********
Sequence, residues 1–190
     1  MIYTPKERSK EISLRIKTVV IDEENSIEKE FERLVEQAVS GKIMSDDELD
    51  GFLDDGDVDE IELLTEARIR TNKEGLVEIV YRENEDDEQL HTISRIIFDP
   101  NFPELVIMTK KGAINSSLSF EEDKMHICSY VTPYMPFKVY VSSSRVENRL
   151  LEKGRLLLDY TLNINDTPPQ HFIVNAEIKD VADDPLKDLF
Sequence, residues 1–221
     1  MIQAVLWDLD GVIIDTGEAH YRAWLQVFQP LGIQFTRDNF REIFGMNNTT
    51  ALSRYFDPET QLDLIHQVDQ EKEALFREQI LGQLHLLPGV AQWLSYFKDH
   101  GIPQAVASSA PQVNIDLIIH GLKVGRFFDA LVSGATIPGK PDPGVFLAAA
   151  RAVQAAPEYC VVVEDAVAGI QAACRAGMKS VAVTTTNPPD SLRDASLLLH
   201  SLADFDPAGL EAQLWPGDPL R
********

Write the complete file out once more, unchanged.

Sequence, residues 1–190
     1  MIYTPKERSK EISLRIKTVV IDEENSIEKE FERLVEQAVS GKIMSDDELD
    51  GFLDDGDVDE IELLTEARIR TNKEGLVEIV YRENEDDEQL HTISRIIFDP
   101  NFPELVIMTK KGAINSSLSF EEDKMHICSY VTPYMPFKVY VSSSRVENRL
   151  LEKGRLLLDY TLNINDTPPQ HFIVNAEIKD VADDPLKDLF
Sequence, residues 1–221
     1  MIQAVLWDLD GVIIDTGEAH YRAWLQVFQP LGIQFTRDNF REIFGMNNTT
    51  ALSRYFDPET QLDLIHQVDQ EKEALFREQI LGQLHLLPGV AQWLSYFKDH
   101  GIPQAVASSA PQVNIDLIIH GLKVGRFFDA LVSGATIPGK PDPGVFLAAA
   151  RAVQAAPEYC VVVEDAVAGI QAACRAGMKS VAVTTTNPPD SLRDASLLLH
   201  SLADFDPAGL EAQLWPGDPL R